Officials with the U.S. Forest Service announced Wednesday a program of controlled burning, which is designed to prevent the formation of large, destructive wildfires and to create a better ecosystem for plants and animals.
Fire Management Officer Scott Layfield said the plan is similar to those of previous years, with forest rangers burning about 40,000 acres per year. He said officials try to keep areas of the forest on three- to four-year burn rotations.
Crews will be burning throughout the forest, but Layfield said key areas will be the southern portion of the Hollins Wildlife Management Area east of Sylacauga, and the Choccolocco Wildlife Management Area north of Heflin.
He said controlled burns can hinder motorists by throwing clouds of smoke over roadways, but forest service officials will publicize such dangers in local media outlets and on electronic highway signs.
Controlled burns help prevent large, destructive wildfires by consuming fuel sources such as fallen trees or pine needles. By burning the readily available fuel sources on a regular basis, rangers can prevent the buildup of dry vegetation that would bolster a massive wildfire.
The burns also create better habitats for animals and low-lying plant life by preventing a thick understory of trees and shrubbery that would intercept most of the sunlight. Instead, that sunlight will help create a greater diversity of smaller plants, which provide a food source and habitat for more species of wildlife.
One of the plants benefiting from the burning is the longleaf pine, a species that once dominated the landscape of the South but that nearly faced extinction decades ago.
The technique is vital for longleafs because the species evolved to be dependent on wildfires, which would stamp out other competing species to the tall pines.
“That system needs fire,” Layfield said.
Longleaf pines also are used as a home by the red cockaded woodpecker, which was listed as an endangered species in 1970.
Layfield said the Forest Service is also helping to increase the numbers of the woodpecker by installing wooden homes for the birds in the local forest. He said workers with the service also bring in birds from areas that have the birds to spare. For example, he said, a few of his co-workers soon will travel to Fort Benning, Ga., for a woodpecker run.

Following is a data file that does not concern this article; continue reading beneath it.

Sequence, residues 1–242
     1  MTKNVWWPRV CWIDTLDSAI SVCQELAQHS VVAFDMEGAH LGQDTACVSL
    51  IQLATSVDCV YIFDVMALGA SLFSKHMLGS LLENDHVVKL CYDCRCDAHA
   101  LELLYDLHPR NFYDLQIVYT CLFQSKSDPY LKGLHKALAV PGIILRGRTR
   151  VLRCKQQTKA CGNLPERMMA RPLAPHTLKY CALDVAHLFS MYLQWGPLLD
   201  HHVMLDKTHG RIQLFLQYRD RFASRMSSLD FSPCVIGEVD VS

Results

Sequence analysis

Layfield said the recovery efforts for both woodpeckers and longleaf pines are going well.
And for the last 18 years, officials with the Talladega National Forest have received help from the Longleaf Alliance in bringing back the pine species. The nonprofit organization raises funds for recovery efforts and conducts seminars teaching landowners how to create ideal habitats for longleafs.
Robert Abernethy, president of the Longleaf Alliance, said the namesake for his organization was pivotal for the settling of much of America.
He said longleafs produce more sap than any species of pine known to man. That sap creates a strong core that made the tree perfect for fence posts and foundations for log cabins. But more importantly, he said, the trees were used to make tar and turpentine that went to reinforce ships in the 1700s and 1800s.
It was the tree’s versatility that made the species go from a peak of 90 million acres of habitat to about 3.4 million acres in the 1970s and 80s. But Abernethy said that habitat has increased to about 4.4 million acres since the the Longleaf Alliance began.
He said the trees’ ties to the country’s history are why the organization’s campaign to educate the public about the tree is as important as the group’s restoration efforts.
“We've got to get that body of knowledge back,” he said.
For more information about the alliance, go to http://www.longleafalliance.org
Assistant Metro Editor Daniel Gaddy: 256-235-3560. On Twitter @DGaddy_Star.